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Target’s Shipt grocery delivery workers push for more coronavirus protections and pay

Target shoppers
Grocery services are in high demand. Above, people wait to enter a Target store last month in Glenview, Ill.
(Nam Y. Huh / Associated Press)

Some workers for Target Corp.'s grocery delivery app Shipt aren’t taking jobs Tuesday, protesting what they see as inadequate safety measures and pay for the risks they shoulder by working during the coronavirus outbreak. It’s the latest in a string of walkouts and sick-outs by frequently low-paid workers whose jobs are now deemed essential.

Grocery services are in high demand as people avoid visiting stores for fear of contracting or spreading the coronavirus. Shipt users can order groceries and household items from Target and some other retail chains, including CVS, Petco and Costco, and the app’s team of independent contractors go to the stores, do the shopping and deliver the items.

Fear among workers about personal protective equipment mounted over the weekend. On Saturday, the coordinator of the White House’s coronavirus task force urged the public to go out only for essential needs. “This is the moment to not be going to the grocery store,” Dr. Deborah Birx said.

Leaders of the Shipt protest said in a blog post Monday that they want workers to get hazard pay of $5 per order, more personal protective equipment, a more transparent pay structure and two weeks of paid sick leave if they are “too high risk to work” or have a doctor’s note advising them to stay home, regardless of whether they have tested positive for the virus.

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Several Shipt delivery workers said the company’s transition from a commission-based model to a new pay algorithm has significantly decreased their earnings. They are advocating for a return to the commission-based model. The company additionally cut pay on canceled orders beginning last week, prompting complaints from workers, the Hill reported.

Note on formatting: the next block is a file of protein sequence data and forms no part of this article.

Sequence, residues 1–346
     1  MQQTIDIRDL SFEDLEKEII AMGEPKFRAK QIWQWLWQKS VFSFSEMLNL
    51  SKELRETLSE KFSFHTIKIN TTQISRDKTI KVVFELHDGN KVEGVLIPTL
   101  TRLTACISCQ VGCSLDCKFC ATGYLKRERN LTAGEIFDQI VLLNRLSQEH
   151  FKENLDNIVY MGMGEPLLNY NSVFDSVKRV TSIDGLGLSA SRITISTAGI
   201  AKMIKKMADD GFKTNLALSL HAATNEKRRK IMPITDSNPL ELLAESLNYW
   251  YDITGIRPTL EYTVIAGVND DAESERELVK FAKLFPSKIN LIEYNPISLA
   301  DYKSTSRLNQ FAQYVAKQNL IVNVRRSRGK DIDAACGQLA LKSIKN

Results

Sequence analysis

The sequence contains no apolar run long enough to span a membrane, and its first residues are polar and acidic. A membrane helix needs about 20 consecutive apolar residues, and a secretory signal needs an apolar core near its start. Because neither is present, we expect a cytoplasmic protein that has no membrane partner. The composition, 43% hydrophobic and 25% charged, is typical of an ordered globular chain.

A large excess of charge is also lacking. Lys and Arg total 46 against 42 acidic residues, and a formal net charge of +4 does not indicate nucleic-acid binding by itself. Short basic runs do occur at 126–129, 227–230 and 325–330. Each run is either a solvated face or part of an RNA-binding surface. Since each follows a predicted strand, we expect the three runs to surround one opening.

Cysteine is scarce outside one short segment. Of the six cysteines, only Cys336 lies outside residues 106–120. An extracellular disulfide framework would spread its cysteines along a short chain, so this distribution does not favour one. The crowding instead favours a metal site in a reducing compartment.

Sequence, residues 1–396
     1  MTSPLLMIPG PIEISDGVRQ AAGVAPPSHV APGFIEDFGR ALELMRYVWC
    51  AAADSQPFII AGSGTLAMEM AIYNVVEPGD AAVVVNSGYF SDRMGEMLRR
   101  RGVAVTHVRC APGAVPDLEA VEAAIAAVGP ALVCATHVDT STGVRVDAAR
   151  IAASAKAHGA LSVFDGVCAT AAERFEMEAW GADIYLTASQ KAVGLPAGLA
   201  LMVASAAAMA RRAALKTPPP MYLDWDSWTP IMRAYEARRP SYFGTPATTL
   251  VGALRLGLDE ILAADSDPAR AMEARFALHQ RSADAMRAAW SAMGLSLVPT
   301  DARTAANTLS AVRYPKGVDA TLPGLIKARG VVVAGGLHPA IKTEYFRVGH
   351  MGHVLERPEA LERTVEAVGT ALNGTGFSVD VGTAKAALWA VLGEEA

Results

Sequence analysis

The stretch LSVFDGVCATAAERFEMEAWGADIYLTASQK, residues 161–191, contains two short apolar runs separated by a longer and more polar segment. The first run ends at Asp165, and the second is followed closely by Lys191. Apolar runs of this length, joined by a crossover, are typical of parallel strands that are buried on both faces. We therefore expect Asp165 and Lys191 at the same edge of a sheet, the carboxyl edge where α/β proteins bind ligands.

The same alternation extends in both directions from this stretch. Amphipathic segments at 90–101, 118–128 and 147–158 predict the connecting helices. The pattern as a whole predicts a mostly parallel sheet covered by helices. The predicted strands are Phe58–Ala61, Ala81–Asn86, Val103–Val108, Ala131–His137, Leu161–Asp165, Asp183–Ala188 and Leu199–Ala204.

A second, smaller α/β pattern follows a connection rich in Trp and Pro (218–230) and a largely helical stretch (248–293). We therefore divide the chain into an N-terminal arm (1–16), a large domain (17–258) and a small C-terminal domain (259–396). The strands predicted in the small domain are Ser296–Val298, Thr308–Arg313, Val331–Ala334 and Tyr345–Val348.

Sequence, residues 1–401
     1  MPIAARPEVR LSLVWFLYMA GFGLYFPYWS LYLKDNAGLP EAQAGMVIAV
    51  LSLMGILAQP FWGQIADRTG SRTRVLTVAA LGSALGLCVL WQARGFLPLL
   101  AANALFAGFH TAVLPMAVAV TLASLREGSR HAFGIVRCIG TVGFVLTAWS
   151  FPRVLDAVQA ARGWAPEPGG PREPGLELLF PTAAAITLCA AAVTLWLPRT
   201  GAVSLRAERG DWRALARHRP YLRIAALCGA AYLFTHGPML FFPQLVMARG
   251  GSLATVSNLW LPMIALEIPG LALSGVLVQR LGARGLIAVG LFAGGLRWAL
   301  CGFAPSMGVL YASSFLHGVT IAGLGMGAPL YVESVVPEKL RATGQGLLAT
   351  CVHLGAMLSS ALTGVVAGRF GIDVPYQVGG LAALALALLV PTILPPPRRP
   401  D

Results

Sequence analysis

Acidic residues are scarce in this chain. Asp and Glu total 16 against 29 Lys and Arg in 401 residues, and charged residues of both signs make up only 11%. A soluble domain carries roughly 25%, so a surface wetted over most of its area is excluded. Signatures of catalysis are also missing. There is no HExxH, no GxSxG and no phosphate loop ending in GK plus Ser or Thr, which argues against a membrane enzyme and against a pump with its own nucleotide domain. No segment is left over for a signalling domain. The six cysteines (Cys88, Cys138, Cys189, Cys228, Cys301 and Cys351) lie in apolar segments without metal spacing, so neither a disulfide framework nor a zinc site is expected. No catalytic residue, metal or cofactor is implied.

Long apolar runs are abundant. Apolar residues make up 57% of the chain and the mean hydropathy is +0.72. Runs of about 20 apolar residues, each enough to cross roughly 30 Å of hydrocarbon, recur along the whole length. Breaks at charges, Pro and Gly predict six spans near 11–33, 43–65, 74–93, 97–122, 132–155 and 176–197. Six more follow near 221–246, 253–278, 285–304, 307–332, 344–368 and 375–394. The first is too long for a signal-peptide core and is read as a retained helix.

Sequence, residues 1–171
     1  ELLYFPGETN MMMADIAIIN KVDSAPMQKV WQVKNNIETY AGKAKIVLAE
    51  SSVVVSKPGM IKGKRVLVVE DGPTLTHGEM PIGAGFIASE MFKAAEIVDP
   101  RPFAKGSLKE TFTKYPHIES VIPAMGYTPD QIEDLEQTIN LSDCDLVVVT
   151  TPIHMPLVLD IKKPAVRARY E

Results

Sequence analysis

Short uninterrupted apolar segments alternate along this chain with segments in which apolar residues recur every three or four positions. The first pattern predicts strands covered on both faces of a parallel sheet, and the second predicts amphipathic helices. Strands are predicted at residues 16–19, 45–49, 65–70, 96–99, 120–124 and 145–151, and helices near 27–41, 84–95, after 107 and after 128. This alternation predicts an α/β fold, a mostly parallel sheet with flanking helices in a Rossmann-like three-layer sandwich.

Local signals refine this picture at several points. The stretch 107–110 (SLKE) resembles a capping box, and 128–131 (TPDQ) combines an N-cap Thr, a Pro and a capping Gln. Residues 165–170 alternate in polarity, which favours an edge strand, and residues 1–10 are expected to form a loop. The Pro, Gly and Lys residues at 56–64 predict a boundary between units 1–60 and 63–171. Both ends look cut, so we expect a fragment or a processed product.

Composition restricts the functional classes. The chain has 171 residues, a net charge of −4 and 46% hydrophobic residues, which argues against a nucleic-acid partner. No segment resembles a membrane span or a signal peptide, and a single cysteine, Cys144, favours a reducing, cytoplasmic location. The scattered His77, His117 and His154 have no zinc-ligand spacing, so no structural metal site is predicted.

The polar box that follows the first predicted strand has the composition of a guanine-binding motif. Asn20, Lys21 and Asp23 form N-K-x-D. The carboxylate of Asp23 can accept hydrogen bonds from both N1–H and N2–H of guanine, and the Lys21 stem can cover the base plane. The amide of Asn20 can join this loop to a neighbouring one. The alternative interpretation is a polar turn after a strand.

Shipt sent an email Friday night to workers who go into stores and assemble customers’ orders, saying it would provide them with gloves and face masks within two weeks. The notice came on the heels of guidance issued Friday by the Centers for Disease Control and Prevention recommending the use of face coverings in areas with community spread of the coronavirus.

“We’ve been yelling about this for weeks, and to get that email on Friday that we may have to wait another two weeks? ... That was honestly one of the biggest slaps in the face,” said Willy Solis, a Shipt delivery worker in Dallas who helped organize Tuesday’s action.

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Some workers looked to procure protective equipment on their own.

“Hi I would like to ask if anyone in the area of Sherman oaks or van nuys has any extra masks they could donate to me or I could purchase in order for me to continue to work,” one person posted Sunday in a Facebook group for Shipt workers.

Kelly Caruso, Shipt’s chief executive, said in a blog post Tuesday that the company will provide workers with gloves and masks “through pick-up at their local Target store in the coming weeks.” She added that Shipt was issuing bonuses and expediting individual safety kits with gloves and hand sanitizer for the most active workers.

Workers who completed 50 or more orders in March will receive bonuses of $100, and those who completed 100 or more will receive $200, Target spokesman Joe Poulos said. Bonuses will be paid out Friday, he said.

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“It’s unfortunate that a very small number of people were communicating there was this big strike. That may have prevented people from ordering medication or food they might not be able to get without a service like Shipt,” Poulos said. “Today was another day of record volumes.... For people to say there was a walkout really isn’t accurate, because we were able to serve customer demand at very high levels today.”

It’s unclear how many people participated in Tuesday’s work stoppage. Solis said the idea had gathered support in Shipt worker Facebook groups, but people fear retaliation from the company and don’t want to lose work, especially in a precarious economy.

He said he and other organizers drew inspiration from recent activism among essential workers elsewhere.

Last week, workers at grocery delivery start-up Instacart stayed off the job and Whole Foods employees called in sick in an effort to press the companies for higher pay, paid leave and more sanitation supplies. Workers at several Amazon warehouses have walked off the job. Nurses in the Bronx in New York and sanitation employees in Pittsburgh have protested over a lack of protective gear such as gloves and masks.


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